The second greenest building: the one not demolished?

The second greenest building: the one not demolished?

We were happy to see a new application of our adopted principle: “The greenest building is the one not built”. Not so long ago we read that the approval for demolishing and rebuilding the M&S store on Oxford Street, London had been refused by the secretary of State, Michael Gove. The main argument was that it: “fails to support the transition to a low carbon future and would overall fail to encourage the reuse of existing resources, including the conversion of existing buildings”. Ironically, we also read about a just-completed residential development: Mast Quay Phase II, which is to be demolished as ordered by the local council, although in this case it is the developer that aims to keep the building intact (surely for economic reasons). The tables have turned. Nonetheless, in helping to settle this latest issue, we would like to quote the senior director at Expedition Engineering: “did anyone stop for a second to consider the waste of embodied energy”.


The proposal to demolish the M&S store was not without reason. The CEO of M&S insisted that the many retrofit options explored did not provide a good alternative. The initial argument given on the planning permit was that the status quo would risk partial vacancy at the site, which would “intensify the concerns for the vitality and viability of Oxford Street” (ie, economic/social arguments). The order to demolish Mast Quay Phase II also had its reasons. The developer of the scheme (following the insolvency of the original developer) took liberties resulting in a completed building that deviated on at least 26 points from the original planning permission. The council wants to hold its ground and set a clear precedent.


The M&S process had seen people from various interest groups like SAVE Britain’s Heritage, Architects’ Climate Action group and Climate Action at The Institute of Structural Engineers voice a clearly different opinion on the matter. In the case of Mast Quay Phase II, we have seen a former council member support the decision of the current council to stand their ground, indicating that 15 years ago this would be resolved with a ‘fudged solution’. Nonetheless, there is increasing critique of the current decision by the council, especially because of the recent M&S precedent. We would also have expected that the environmental damage from the demolishing and reconstructing of an otherwise structurally sound building would be fully recognized (and included) in UK planning decisions. However, none of this was mentioned; even the (already moved in) residents of the scheme were informed via the press.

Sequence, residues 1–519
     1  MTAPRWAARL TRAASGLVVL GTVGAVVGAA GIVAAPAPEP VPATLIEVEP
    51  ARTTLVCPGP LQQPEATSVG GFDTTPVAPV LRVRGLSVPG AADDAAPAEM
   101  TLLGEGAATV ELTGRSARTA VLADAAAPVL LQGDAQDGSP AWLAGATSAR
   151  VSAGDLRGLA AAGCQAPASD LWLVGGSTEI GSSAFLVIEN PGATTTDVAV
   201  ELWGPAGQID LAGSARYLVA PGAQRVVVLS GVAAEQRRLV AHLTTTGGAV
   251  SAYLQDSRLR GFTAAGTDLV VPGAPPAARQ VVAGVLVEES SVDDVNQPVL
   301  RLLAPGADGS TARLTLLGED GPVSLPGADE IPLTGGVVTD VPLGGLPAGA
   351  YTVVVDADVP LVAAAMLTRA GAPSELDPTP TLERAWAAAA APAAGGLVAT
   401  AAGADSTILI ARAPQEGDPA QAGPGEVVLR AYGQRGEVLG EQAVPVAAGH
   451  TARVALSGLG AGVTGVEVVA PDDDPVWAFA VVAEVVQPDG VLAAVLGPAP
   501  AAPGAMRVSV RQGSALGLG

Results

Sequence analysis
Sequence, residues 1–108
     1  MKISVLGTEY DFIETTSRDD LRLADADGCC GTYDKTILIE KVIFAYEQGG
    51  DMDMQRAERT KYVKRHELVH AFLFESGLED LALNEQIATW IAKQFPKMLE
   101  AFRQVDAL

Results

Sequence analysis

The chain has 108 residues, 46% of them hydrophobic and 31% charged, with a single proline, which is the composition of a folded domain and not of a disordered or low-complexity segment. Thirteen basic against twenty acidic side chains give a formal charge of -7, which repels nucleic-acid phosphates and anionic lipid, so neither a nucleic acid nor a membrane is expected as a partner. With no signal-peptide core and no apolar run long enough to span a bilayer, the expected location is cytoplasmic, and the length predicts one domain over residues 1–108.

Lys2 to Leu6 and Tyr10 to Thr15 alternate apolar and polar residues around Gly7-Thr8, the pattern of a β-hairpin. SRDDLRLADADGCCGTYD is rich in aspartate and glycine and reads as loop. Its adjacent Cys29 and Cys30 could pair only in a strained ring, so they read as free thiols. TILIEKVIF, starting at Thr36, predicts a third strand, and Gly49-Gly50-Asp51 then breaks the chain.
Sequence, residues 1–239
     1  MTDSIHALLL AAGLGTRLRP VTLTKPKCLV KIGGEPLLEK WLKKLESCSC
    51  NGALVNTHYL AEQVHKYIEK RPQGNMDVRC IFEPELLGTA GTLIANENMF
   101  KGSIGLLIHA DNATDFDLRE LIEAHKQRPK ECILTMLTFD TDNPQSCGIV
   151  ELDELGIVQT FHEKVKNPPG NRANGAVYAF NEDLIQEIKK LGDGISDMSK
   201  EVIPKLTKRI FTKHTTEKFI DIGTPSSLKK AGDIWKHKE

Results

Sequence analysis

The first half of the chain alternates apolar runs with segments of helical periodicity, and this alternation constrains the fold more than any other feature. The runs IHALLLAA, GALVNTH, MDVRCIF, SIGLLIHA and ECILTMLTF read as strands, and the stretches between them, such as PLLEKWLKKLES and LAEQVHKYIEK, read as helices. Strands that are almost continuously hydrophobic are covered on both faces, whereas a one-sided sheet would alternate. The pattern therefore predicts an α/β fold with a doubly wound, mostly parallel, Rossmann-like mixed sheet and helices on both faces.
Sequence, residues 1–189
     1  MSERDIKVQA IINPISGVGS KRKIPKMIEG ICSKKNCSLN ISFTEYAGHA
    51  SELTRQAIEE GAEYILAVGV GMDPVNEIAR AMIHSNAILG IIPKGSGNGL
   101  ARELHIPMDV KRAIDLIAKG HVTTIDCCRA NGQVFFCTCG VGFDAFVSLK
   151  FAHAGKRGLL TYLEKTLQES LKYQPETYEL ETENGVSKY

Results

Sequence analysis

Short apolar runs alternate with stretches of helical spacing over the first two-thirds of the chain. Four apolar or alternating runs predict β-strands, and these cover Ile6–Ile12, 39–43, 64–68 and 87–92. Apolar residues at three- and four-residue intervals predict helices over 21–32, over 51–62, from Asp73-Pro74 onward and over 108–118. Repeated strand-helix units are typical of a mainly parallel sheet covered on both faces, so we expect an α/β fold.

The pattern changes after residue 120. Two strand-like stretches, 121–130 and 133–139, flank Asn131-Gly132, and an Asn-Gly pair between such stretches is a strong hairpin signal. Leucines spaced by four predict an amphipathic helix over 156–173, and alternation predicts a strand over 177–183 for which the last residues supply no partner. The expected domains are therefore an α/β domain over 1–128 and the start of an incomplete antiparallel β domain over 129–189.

Regardless of our opinions, the recent ‘Mast Quay Phase II’ decision will certainly go legal, just as M&S stepped up the battle and launched a legal challenge against the Oxford Street decision. We hope attention will be given - as a priority - to embedded carbon issues during both appeals and that an alternative solution can be found on the Mast Quay Phase II residential block.


Increasingly the option for a full-scale re-construction of a building will no longer always be available. You cannot easily ‘redevelop yourself’ out of a bad (unsustainable) investment idea for economic reasons. The quality of the current assets in a portfolio including location, energy qualities or ability to retrofit easily, become even more important. Likewise, councils will need to improve oversight, checks and controls, and should be limited in their retrospective enforcement options.


Michael Gove may have just been “playing the galleries” as accused by M&S CEO. He is someone, however, that would be aware of where political winds are blowing and they are blowing in the right direction in our view. No matter the reason, the clock is ticking - priority to #Retrofit, #Reuse, #EmbodiedCarbon first!



How it started … how it’s going.  Mast Quay Phase II as approved (left) and as built (right), view looking North

Source: Royal borough of Greenwich


Important Disclosures

More about the authors

Boudewijn Schoon Senior Portfolio Manager

Boudewijn Schoon is a portfolio manager real estate, responsible for global listed real estate strategies.

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